With the analysis we did in class, we made the suggestion of not doing the next promotion. The first thing I did after class was adjusting our model in class from three months moving average to a five months moving average, with data from previous two months, current month, and two months after. With this adjustment, the incremental increased a little, but still, I think it’s not attractive enough when taken other factors, such as cannibalization effects, into consideration.
Also, as Katz pointed out, “the April-May 1978 promotion had been announced on January 1” (page 14), the relative lower January-February 1978 sales level should not be used to forecast March-May 1978 sales without promotions. In fact, I believe it is the announcement of promotion on January 1st that led to the low sales level in January-February 1978. Retailers would order fewer units prior to the promotion but catch up with more units ordered during promotion period.
This should also be considered to cut the attractiveness promotion. Other than the data analysis we did in class, there are a few more reasons I don’t recommend Hartmann to have a price promotion in the following year. First, price promotion will damage Hartmann’s brand image. One of Katz’s principles for Hartmann was to “maintain a prestigious image” (page 2). Since the price promotion itself was not very efficient, why should Hartmann risk its brand image to do it? Second, as Katz said, there are all kinds of different ways to increase total sales, and, based on luggage consumer surveys, price promotion was definitely not the best way for Hartmann to achieve higher sales.
From Hartmann’s own survey, durability and style were considered the most important features in selecting luggage (page 5). Although the results itself seems like is a little misleading, since price was not an option on that questionnaire, it actually should be the real case, and this conclusion could be proved from the industry market research in Exhibit 2. In this research result, only “31% of respondents cited price as the most important criterion in selecting luggage”, while “21% cited it as the least important criterion”, and only “26% would ‘wait for sale, then go there to buy’” (page 16).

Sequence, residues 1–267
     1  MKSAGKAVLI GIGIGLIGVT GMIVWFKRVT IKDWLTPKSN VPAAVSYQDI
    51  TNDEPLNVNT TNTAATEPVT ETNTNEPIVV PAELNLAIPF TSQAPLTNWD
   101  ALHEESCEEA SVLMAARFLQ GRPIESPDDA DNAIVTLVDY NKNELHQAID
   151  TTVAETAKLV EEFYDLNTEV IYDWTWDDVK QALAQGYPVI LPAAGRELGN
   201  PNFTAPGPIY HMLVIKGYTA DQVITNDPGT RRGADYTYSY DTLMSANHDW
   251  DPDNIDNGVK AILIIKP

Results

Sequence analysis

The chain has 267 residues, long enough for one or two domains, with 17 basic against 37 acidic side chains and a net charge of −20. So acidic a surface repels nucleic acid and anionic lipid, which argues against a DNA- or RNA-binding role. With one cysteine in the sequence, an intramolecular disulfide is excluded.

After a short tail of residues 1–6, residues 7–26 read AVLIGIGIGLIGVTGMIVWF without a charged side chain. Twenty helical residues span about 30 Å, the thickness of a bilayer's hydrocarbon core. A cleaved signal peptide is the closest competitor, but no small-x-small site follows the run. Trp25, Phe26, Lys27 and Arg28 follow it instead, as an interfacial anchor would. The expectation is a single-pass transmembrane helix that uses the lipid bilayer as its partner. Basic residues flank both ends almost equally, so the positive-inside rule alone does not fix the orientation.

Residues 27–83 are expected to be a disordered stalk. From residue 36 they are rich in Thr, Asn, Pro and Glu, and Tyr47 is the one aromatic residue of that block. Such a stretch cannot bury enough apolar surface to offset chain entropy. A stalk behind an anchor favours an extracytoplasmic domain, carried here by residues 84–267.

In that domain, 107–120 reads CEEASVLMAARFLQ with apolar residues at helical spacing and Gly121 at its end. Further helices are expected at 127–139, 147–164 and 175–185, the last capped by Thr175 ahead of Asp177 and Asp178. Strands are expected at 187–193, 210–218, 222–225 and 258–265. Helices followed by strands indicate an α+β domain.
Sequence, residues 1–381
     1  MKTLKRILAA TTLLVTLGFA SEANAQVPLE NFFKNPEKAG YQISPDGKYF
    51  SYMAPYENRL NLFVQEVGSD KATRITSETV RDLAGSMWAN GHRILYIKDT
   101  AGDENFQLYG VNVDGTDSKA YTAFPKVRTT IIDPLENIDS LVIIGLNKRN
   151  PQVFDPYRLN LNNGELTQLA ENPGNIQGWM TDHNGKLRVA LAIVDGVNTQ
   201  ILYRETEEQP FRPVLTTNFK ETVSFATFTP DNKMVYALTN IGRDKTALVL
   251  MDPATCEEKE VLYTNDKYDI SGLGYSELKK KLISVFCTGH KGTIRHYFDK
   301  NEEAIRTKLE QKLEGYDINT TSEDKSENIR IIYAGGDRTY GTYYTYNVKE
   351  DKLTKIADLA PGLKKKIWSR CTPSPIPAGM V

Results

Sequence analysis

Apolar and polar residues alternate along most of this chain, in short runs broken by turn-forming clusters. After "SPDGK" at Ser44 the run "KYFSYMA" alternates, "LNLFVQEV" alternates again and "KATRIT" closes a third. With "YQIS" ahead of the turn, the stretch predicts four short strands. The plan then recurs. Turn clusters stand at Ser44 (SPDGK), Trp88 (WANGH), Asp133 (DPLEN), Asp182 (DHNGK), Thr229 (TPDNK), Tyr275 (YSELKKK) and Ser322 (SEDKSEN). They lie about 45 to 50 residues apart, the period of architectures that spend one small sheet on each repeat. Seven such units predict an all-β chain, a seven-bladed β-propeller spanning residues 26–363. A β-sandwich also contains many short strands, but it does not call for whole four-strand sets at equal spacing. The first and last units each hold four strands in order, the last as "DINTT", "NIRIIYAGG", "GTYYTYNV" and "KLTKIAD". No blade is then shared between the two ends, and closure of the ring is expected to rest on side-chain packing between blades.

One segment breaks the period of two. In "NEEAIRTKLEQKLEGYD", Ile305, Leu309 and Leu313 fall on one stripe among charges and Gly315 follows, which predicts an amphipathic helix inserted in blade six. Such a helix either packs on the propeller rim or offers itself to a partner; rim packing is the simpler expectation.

Also, considered the target market for Hartmann, which are “customers who demanded the highest quality and durability in luggage” (page 1), and its market position as “most expensive in the industry” (page 1), the demand of its products was definitely inelastic. With such an inelastic demand, price promotion would never be the best approach to improve sales, especially to improve profit. So what would be a better way for Hartmann to increase sales and profit? The same as the consultants, I would recommend Hartmann to make more advertisements to build wider brand awareness among target consumers (page 14).
The reason I makes this recommendation are as follows. Based on the industry research report in Exhibit 2 (page 16), “48% of respondents believed they would favor a brand of luggage they recognized or had seen advertised”.
The percentage for Hartmann’s target consumers might be even higher, because they were pursuing “the highest quality and durability in luggage” and the probability that they would trust an unknown brand was very low. However, according to Hartmann’s telephone survey (page 5), the overall aided awareness level was pretty low among high income level customers, who were considered as Hartmann’s target customers, and “only 5% of respondents recalled having seen any Hartmann advertising”.
Therefore, building brand awareness among target consumers by increasing advertising should be the best way for Hartmann to increase sales and, more important, not jeopardize either profitability or brand image.
Therefore, all reasons listed above, as well as sales data analysis we did in class, point to one identical conclusion that price promotion was not a good choice for Hartmann to achieve sales and earnings objectives. Yet, increasing advertising was a harmless and more effective approach to help Hartmann achieve its objectives.
Courtney from Study Moose
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